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The banks and the government have joined the dance to save each other

Călin Rechea (translated by Cosmin Ghidoveanu)
English Section /

The banks and the government have joined the dance to save each other

Italian finance minister, Giovanni Tria, recently said that the yield of government bonds is not justified by the fundamental aspects of the budget and it is expecting a drop in them, in order for "the negative effects on the banking system to be avoided".

The statement presented by Bloomberg was made at the meeting of the Finance ministers of the G20 group and represents the first clear recognition of the phenomenon, known as the "loop of destruction", by the new Italian authorities.

How is the phenomenon manifesting itself? Banks buy government bonds without having to allocate additional capital (author's note: government bonds always have a zero risk weight), and financial institutions will see losses due to the drop in the market value of the securities in their portfolios, amid rising financing costs.

The next step is usually the forced sale of the government bonds in order to fit within the new risk limits, which lead to new increases in interest rates and further degradations of the government's fiscal position.

"We are hoping the spread will drop once there is a better understanding of the structure and the spirit of the budget", Giovanni Tria continued.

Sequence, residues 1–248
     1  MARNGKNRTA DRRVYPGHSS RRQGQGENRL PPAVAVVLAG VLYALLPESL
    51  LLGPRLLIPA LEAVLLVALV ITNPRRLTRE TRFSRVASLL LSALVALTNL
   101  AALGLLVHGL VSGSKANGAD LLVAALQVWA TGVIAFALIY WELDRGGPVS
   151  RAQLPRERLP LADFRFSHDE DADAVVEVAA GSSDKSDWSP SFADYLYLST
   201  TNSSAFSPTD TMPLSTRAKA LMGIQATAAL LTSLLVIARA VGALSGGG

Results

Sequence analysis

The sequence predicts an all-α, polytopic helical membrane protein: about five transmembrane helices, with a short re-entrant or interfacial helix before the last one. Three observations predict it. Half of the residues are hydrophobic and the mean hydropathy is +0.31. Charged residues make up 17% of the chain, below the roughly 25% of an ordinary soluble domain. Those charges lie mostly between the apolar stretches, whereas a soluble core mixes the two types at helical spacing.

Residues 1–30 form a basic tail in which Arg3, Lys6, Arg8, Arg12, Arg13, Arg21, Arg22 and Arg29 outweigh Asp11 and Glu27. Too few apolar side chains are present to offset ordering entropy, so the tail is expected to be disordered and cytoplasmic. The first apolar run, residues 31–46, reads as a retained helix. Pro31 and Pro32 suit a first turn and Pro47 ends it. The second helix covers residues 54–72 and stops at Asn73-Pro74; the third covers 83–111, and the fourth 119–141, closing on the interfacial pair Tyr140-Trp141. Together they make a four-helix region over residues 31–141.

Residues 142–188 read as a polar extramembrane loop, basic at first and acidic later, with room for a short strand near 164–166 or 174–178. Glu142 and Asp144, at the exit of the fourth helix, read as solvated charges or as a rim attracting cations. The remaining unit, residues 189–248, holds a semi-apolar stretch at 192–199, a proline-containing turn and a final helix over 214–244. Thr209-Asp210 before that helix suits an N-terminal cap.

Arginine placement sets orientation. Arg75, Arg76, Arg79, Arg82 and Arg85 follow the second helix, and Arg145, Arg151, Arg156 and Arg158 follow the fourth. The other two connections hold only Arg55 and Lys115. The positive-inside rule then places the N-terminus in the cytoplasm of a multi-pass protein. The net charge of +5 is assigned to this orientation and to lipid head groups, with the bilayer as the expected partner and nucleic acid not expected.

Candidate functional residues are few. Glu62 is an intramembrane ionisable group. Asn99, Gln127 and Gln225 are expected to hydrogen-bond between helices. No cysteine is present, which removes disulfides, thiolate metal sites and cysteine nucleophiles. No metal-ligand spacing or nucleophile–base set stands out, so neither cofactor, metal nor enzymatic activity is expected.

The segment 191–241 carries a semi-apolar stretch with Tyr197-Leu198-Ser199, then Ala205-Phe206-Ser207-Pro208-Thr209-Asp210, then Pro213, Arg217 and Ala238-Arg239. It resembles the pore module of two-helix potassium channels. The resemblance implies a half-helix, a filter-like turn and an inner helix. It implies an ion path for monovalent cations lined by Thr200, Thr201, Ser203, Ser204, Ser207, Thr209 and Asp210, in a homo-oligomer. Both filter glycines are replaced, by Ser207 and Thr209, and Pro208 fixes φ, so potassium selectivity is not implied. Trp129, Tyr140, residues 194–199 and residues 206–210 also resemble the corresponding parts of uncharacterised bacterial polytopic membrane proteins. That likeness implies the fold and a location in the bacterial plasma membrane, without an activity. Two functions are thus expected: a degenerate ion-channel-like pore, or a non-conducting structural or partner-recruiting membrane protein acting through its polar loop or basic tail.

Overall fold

The Italian finance minister was obviously referring to the difference between Germany's and Italy's borrowing costs, which have recently reached a 5-year high, of over 310 basis points (see chart 1), as keeping them below the 400 basis points level is considered of crucial importance.

It is hard to believe that the "spirit of the budget" will convince banks and investors, especially if the European authorities prove inflexible and will insist on the deficit staying below 2% of the GDP, significantly below the proposal of the Italian government, of 2.4% of the GDP.

Unfortunately, the Romanian government also seems to be resolutely going down the "amorsării" of a "destruction loop", through its budget and fiscal policies. Of course, the danger is much greater in the case of Italy, a significant pillar of the Eurozone.

In Romania as well, the spread between the return of 10-year bonds compared to Germany's and US' similar securities has recently grown to a 5-year high, and the "redresările" seen in the beginning of 2017 took place among a significant upward trend.

Pressures on the borrowing costs have increased so much in October 2017, that all the auctions for government bonds have failed. Then, the government was looking to borrow 2.44 billion lei.

In October 2018, the situation has radically changed, as the NBR has launched the repo operations, by which it grants liquidity to the banks, in August 2018.

After the first four auctions, the government borrowed 2.27 billion lei, as the amount scheduled in the prospectus was 1.795 billion. According to the prospectus, the government scheduled the drawing of 4.695 billion in October 2018, amid a maturity of over 8 million lei next month.

In the last auction of last week the issue RO1720DBN072 with a 3 year maturity, a coupon of 2.3% and a maturity in October 2020 has been reopened.

The amount raised, including in the additional session, was about 1.028 billion lei, while the scheduled amount was 575 million.

Upon first sight, the auction can seem like a resounding success, but the "enthusiasm" needs to be significantly tempered, because the median return was 4.07%, by 17 basis points over the yield of the similar auction one month ago and 177 basis points above the coupon.